iii) It was noted that the Review Panel had taken into account the neuropathic pain issue but did not feel that these were exceptional circumstances.
iv) The Appeal Panel did not feel that the Review Panel's decision was irrational and they felt that procedurally the Review Panel were correct.
54. In view of the fact that Dr Bull did not revise the minutes of the 28th May until early August, the only information the appeal panel had on the Review Panel's views on exceptionality was the last sentence of the notes which read:
"On the question of exceptionality which is based on the patient having neuropathic pain the Panel did not feel that this was exceptional."
55. In fact, the additional paragraph added by Dr Bull added very little:
"The Panel concluded that a cohort of patients will have such side effects resulting in pain. They therefore did not feel that this case was an exception."
56. It is a central part of the Claimant's case that the Panel's deliberations and ultimately their decision proceeded on a fundamental misunderstanding of the case being advanced by Dr Davies for bringing this case within the PCT's own exceptionality policy. The claimant's case has been refined in oral argument to level criticism of the policy itself insofar as it is argued that the attempts to define exceptionality are more likely to mislead a review panel than assist it to apply the policy; that, further, the policy itself is unlawful because properly interpreted it required a test of exceptionality which went beyond the natural and ordinary meaning of the word 'exception' in effect, a test of uniqueness, which in turn would severely restrict the panel's discretion. The fundamental misunderstanding, it is submitted, is that the Claimant was intolerant to his previous treatments of Velcade and Thalidomide; that it was not just that he suffered neuropathic pain, but rather the peripheral neuropathy was such that rendered further treatment impossible. It was clear from the application that the claimant was unable to continue with his treatment.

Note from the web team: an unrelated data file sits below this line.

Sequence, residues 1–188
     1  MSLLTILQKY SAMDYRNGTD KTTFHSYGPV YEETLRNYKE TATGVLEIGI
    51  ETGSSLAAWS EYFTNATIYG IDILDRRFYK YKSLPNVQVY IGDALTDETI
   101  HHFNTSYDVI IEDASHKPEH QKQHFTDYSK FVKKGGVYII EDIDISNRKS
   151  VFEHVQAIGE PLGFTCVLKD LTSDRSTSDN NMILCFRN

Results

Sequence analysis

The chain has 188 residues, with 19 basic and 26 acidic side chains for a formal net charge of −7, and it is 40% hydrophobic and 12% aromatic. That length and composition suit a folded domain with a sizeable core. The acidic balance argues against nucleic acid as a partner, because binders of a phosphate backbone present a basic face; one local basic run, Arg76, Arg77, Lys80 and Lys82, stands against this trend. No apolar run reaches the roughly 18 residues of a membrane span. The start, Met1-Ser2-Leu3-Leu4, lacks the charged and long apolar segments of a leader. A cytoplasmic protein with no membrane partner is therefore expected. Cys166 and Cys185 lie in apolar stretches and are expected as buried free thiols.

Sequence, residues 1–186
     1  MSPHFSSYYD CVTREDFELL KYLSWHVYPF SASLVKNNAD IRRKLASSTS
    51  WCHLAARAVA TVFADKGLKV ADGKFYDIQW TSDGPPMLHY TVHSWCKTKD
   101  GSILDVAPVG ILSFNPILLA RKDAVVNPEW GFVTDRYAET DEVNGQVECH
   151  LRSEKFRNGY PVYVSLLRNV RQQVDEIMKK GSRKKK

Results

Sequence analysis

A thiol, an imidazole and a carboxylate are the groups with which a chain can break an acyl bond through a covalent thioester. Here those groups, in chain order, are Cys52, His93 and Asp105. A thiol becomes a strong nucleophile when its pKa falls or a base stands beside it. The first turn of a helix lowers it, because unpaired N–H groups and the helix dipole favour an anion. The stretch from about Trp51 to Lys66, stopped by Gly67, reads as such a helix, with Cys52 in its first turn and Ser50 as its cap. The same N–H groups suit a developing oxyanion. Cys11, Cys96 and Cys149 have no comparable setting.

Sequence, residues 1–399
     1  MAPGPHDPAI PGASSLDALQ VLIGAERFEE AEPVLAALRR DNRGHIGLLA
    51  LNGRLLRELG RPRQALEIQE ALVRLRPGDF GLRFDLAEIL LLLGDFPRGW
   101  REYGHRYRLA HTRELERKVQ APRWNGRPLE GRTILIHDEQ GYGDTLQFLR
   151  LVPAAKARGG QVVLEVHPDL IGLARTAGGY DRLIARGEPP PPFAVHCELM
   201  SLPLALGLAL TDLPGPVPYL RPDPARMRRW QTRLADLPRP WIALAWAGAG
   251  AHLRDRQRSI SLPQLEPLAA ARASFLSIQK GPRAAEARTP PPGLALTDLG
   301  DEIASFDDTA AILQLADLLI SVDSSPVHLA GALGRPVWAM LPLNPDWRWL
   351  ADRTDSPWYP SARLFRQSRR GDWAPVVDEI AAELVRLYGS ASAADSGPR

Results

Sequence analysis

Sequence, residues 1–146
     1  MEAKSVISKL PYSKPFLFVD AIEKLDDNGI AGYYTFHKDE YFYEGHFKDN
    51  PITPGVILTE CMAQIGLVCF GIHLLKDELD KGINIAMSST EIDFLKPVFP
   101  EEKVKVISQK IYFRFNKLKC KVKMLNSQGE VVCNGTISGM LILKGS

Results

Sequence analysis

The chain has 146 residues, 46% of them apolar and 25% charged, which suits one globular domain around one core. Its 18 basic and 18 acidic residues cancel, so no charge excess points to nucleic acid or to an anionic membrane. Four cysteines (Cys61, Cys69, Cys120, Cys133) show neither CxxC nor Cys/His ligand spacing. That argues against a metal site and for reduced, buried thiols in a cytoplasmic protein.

57. Further submissions were sent to the PCT by Irwin Mitchell, the Claimant's solicitors, on the 15th August 2008, including a report by Professor Karol Sikora, a world authority on cancer treatment. That report expressed the view that the recommended treatment was clinically indicated for the Claimant and that his case was exceptional within the meaning of the PCT's policy, on both versions of the Terms of Reference which were disclosed.
58. There then followed an exchange of correspondence with further information and clarification of the Claimant's case as between Irwin Mitchell and Mills and Reeve, the PCT's solicitors.
59. On the 22nd August 2008 a fresh Review Panel considered funding Lenalidomide and Dexamethasone both with and without the addition of Cyclophosphamide, and decided to reject funding. A letter of the same date contained the following reasons for rejecting funding:
i) There is no new evidence to suggest that the Claimant's case is exceptional. A cohort of patients will have side effects of neuropathic pain with Bortezomib and Thalidomide and therefore this fact is insufficient to make this case exceptional. The Panel noted that social circumstances are not taken into account as per the policy.